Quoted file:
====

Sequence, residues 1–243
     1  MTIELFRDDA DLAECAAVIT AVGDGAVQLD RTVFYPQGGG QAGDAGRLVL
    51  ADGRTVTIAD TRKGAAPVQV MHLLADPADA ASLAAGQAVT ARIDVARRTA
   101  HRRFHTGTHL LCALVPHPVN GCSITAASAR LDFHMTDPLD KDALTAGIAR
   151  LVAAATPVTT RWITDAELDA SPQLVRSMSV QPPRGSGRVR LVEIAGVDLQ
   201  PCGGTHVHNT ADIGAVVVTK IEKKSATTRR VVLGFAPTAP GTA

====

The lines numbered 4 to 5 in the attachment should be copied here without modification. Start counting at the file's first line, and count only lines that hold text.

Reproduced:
   101  HRRFHTGTHL LCALVPHPVN GCSITAASAR LDFHMTDPLD KDALTAGIAR
   151  LVAAATPVTT RWITDAELDA SPQLVRSMSV QPPRGSGRVR LVEIAGVDLQ